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Final Edit
November 2003

The image we rescued from the cutting room floor.

Final Edit Editor Illustrations editor Elizabeth Krist explains why a goddess was banished…then redeemed.



Cut It?
"Initially, we saw the story as an adventure depicting what life is like along the Burma Road," says illustrations editor Elizabeth Krist. "But as photographer Maria Stenzel spent more time there, she found herself drawn to situations that directly related to the war. Along the same lines, the Editor felt that a stronger focus on World War II would help structure the story visually. Once the focus shifted, the historical pictures we added to the layout displaced many of the contemporary photographs, including this one of the goddess Kali."


Or Keep It?
"This photograph conveys a strong sense of place to people who know the region," Elizabeth continues. "For those who don't, it gives a lively feel for being on the road there. The Ambassador cars and the statue of Kali—with her fearsome tongue and jewelry of dismembered humans—are both in their own ways icons of Indian culture. And the angle from which the picture was shot creates a sensation of discovery, as if we've just stumbled upon a scene that could have come from an India of 50 years ago."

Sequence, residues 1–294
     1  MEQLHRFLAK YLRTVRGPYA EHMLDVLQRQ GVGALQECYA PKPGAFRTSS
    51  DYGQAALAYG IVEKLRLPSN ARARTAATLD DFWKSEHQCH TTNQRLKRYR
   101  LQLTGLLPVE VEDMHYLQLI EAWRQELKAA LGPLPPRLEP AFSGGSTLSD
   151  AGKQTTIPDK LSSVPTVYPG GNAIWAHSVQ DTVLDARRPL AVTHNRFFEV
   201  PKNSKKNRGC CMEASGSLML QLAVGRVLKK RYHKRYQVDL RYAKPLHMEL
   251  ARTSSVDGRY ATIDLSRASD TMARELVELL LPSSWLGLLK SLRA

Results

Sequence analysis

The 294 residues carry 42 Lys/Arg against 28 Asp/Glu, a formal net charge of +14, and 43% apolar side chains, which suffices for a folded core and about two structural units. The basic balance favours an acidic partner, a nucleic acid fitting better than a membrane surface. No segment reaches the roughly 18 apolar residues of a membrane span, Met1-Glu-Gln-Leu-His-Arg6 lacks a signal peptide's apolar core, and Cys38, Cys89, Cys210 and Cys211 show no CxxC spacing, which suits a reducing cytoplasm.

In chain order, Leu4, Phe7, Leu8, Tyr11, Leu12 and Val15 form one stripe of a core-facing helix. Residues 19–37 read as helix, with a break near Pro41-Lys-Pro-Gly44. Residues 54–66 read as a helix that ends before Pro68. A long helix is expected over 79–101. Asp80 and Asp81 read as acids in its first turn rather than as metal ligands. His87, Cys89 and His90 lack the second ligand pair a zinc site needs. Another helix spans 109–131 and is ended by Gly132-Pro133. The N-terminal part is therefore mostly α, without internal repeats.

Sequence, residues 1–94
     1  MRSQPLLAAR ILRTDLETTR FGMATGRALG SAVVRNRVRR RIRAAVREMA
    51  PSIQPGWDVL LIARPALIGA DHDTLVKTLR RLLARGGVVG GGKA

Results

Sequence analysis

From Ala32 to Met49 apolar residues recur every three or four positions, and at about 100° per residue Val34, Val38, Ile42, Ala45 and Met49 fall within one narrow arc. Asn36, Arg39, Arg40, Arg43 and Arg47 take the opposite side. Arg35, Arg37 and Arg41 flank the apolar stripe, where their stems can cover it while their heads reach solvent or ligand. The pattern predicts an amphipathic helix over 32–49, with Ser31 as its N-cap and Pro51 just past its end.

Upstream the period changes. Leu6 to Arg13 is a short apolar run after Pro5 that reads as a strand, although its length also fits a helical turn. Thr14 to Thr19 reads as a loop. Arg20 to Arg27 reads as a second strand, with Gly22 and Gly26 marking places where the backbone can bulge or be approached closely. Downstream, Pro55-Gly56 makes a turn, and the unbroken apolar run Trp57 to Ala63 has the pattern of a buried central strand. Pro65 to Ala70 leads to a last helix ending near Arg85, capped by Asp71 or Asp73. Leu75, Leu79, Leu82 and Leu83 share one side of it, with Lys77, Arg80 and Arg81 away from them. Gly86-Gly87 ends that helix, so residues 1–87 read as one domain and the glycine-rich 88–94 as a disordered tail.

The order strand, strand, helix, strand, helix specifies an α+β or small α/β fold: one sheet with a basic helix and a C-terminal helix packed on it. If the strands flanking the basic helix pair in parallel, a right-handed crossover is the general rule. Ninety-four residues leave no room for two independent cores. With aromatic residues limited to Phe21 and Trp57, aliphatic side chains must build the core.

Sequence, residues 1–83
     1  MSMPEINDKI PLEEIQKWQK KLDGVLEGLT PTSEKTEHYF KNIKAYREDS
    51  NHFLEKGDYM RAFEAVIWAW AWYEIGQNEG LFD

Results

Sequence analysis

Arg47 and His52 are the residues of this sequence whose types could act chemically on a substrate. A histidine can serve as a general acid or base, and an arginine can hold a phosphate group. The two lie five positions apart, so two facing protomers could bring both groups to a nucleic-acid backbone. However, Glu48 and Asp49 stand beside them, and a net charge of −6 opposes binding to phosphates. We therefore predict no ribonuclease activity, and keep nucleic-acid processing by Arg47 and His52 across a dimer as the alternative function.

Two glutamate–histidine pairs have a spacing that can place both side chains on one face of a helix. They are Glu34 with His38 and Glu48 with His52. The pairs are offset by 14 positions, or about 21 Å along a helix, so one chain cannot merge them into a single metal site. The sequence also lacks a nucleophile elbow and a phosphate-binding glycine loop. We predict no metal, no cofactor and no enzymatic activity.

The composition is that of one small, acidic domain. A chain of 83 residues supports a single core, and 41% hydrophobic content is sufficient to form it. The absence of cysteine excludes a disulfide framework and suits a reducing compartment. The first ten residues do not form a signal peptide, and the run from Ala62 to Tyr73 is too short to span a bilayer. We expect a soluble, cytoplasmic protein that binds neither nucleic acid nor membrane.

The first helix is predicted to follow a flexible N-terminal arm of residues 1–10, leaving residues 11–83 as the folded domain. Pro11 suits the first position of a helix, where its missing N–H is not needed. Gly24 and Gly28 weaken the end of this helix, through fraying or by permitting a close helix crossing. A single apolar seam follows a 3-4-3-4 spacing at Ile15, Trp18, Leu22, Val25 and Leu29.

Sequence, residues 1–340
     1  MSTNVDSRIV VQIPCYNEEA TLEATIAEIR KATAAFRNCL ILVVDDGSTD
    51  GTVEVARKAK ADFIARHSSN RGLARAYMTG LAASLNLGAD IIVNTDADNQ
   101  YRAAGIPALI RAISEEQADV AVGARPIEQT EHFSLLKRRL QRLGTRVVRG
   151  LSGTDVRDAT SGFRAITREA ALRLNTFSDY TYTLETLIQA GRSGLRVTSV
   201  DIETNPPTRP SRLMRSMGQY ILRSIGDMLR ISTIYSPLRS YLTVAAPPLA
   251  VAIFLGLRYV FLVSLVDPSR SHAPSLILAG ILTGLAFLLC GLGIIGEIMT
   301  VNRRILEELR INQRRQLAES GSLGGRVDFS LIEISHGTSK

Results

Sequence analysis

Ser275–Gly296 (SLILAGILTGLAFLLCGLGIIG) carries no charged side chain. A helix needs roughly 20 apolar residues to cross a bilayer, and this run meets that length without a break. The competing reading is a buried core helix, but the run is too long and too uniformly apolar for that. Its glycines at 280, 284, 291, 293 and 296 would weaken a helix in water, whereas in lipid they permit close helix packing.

—Amanda Bowling



November Final Edit
Photograph by Maria Stenzel Send this image as a postcard

BURMA ROAD
In Gods They Trust

She's unmistakably a Hindu goddess—multi-armed Kali, creator and destroyer, flaunting a necklace of severed heads—and she caught the eye of photographer Maria Stenzel. "Everything about the scene, from Kali to the Ambassador cars, just said India."

This shop, in Ledo, has been making statues of Hindu deities for festivals since 1942, when the Burma Road was being built. "I was trying to link what I was shooting with what soldiers in World War II might have seen," says Stenzel. But soldiers could also have seen men loading a coal train by hand (NGM pages 90-91), an image chosen for its stronger emotional impact. "When you look at that train photo," says illustrations editor Elizabeth Krist, "you feel how overwhelming it must be to shift that mountain of coal."

—Margaret G. Zackowitz


Check out Burma Road, the feature story for which this photo was originally taken.
Final Edit Photographer Zoom In on more images by Maria Stenzel.




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